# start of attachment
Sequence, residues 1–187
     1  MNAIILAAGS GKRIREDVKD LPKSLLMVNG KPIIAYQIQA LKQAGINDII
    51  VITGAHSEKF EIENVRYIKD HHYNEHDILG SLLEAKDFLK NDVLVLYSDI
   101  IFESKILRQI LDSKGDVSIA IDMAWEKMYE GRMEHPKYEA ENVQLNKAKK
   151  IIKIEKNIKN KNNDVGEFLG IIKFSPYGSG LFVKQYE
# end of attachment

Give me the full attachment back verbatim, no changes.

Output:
Sequence, residues 1–187
     1  MNAIILAAGS GKRIREDVKD LPKSLLMVNG KPIIAYQIQA LKQAGINDII
    51  VITGAHSEKF EIENVRYIKD HHYNEHDILG SLLEAKDFLK NDVLVLYSDI
   101  IFESKILRQI LDSKGDVSIA IDMAWEKMYE GRMEHPKYEA ENVQLNKAKK
   151  IIKIEKNIKN KNNDVGEFLG IIKFSPYGSG LFVKQYE